We talk a lot about power and light in our RVs, but what about a portable version? You know, the good old standby...the Flashlight. Flashlights have come a long way since the days of dry cell batteries and "pen lights." The picture to the right was taken with a 1000 Lumen rechargeable flashlight just a little bigger than a traditional 2 AA cell light! Advances in LED technology has made it possible to have more light for less power. Even the smallest coin cell powered LED lights for a keychain put out more light than the old fashioned 2 "D" cell flashlight of yesteryear. OK, I'll admit I have a fascination with flashlights. Ever since I was a kid I've really liked them. Not obsessed, mind you, just impressed.

In my RV I have a couple of 27 LED utility flashlights. One lives on my range hood, held on magnetically. The other lives up front in a small container on top of the engine cover. These are available everywhere for under five dollars. Press the button once, and you get a very bright directional light from the side. Press it again and you get 26 LEDs all at once from the side. It has a nice sized magnet on the back and a folding hook so you can hang it wherever you need it. I've had 2 of them for a couple of years now and still haven't needed to replace the batteries! Needless to say, I use them very often. The one attached to the range hood, which is on the way to the bedroom area get's frequent use. These little lights are a must have!

Daily Light With Rechargeable "Big Brother" Above 
Next up is a set of lights. One of them I've had for a couple of years, the other just came out a few months ago. The smaller one is a single "AA" battery powered LED light. It was under 10 dollars and puts out a whopping 260 Lumens. That's an awful lot for such a small light. I keep it clipped to my front pocket and barely notice it's there. It has a focus ring on the front that slides in and out from a bright point (really a square) to a wide flood. It runs for a VERY long time on a single, available almost everywhere, AA battery. The other one is its big brother. OK, it's not all that much bigger in size, but it does put out a whopping 1000 Lumens. That's a huge amount for such a tiny flashlight.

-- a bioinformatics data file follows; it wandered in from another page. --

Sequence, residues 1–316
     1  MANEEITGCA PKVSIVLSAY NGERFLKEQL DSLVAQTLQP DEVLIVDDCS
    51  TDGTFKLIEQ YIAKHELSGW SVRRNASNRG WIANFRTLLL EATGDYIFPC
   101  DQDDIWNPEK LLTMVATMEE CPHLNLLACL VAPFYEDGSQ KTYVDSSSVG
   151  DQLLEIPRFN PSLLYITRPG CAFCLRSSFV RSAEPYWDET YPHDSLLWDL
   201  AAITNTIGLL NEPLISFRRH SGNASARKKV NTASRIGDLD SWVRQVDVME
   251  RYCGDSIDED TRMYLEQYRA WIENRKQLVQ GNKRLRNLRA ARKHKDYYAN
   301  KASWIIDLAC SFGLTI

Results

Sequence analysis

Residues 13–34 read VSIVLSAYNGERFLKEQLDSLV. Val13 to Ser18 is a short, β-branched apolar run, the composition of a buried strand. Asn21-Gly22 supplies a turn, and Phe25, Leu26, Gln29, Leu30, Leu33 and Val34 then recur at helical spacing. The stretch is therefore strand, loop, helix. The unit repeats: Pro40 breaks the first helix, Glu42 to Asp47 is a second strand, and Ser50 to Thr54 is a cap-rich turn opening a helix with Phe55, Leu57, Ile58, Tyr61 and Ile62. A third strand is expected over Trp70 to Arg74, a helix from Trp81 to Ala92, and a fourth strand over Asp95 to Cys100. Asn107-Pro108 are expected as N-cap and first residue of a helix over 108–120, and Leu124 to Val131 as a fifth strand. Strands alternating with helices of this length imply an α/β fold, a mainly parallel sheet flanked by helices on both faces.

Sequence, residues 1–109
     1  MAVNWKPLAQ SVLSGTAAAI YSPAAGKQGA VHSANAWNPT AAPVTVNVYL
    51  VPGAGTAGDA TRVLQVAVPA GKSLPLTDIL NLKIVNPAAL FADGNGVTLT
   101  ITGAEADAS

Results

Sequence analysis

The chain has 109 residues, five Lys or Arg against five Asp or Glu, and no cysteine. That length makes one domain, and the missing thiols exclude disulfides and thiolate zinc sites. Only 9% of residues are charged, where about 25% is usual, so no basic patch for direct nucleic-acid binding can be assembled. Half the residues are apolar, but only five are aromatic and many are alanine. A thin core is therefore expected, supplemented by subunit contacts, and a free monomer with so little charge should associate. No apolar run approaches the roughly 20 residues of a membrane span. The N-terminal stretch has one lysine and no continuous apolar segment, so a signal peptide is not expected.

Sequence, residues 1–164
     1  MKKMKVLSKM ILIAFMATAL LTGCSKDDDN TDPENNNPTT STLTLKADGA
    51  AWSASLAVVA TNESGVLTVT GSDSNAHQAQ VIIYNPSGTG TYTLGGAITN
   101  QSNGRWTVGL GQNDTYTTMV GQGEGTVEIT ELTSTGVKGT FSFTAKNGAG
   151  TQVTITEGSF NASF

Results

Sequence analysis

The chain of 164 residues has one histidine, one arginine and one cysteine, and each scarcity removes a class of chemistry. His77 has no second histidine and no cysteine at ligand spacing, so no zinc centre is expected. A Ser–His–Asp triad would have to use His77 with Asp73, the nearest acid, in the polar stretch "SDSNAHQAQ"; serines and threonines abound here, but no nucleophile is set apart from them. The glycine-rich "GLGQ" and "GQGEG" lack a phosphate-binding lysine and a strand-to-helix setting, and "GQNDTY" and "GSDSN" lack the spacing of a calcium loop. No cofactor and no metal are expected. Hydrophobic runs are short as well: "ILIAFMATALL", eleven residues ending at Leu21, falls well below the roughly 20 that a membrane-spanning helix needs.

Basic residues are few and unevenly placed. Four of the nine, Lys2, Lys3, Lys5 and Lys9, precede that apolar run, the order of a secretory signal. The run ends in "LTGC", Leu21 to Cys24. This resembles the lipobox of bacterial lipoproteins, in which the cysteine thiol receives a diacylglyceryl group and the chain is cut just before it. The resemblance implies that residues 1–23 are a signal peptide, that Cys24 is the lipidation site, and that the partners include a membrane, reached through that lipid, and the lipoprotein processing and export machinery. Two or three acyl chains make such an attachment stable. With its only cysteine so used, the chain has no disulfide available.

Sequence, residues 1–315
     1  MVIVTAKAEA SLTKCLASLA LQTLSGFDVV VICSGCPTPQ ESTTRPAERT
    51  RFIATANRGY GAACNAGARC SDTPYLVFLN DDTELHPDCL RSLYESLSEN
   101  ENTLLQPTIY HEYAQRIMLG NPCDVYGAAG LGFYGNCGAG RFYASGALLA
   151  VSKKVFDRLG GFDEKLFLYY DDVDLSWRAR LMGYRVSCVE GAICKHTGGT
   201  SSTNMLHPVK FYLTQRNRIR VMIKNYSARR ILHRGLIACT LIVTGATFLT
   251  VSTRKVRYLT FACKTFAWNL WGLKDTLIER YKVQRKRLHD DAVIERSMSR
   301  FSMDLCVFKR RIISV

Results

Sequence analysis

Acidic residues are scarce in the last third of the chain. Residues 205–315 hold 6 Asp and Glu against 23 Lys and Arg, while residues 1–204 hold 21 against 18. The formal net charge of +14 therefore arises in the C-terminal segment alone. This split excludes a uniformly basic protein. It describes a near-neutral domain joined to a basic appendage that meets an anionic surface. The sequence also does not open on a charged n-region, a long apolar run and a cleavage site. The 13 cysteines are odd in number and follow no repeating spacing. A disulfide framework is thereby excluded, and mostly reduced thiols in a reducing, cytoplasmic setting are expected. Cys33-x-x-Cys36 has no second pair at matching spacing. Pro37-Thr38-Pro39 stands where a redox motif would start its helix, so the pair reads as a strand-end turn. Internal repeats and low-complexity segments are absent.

Lithium Ion Battery and Charger
It runs on a rechargeable 16450 li-ion cell. They cost around 9.00 dollars and the charger can be had for 5.00 online. I've not had to recharge it yet, but it should run about 15 hours per charge. It does get a bit hot around the heat sink, but not terribly so. On a dark and stormy night it's an amazing light. I am going to have to figure out how to charge it from 12V so I have extra choices for power. Shouldn't be any trouble at all. The only issues I could find with both of them was the tiny Allen head screws that hold the clip on, but a small dab of thread locker should fix that up straight away.

If anything, I miss the reassuring feel of a multi "D" cell MagLite. Not only was it a flashlight, but could be a deterrent for the bad guys. I'd hate to get hit with one! We'll have to see what the longevity of these flashlights are. So far it's win-win.

Be Seeing You...Down The Road,

Rich "The Wanderman"
www.thewanderman.com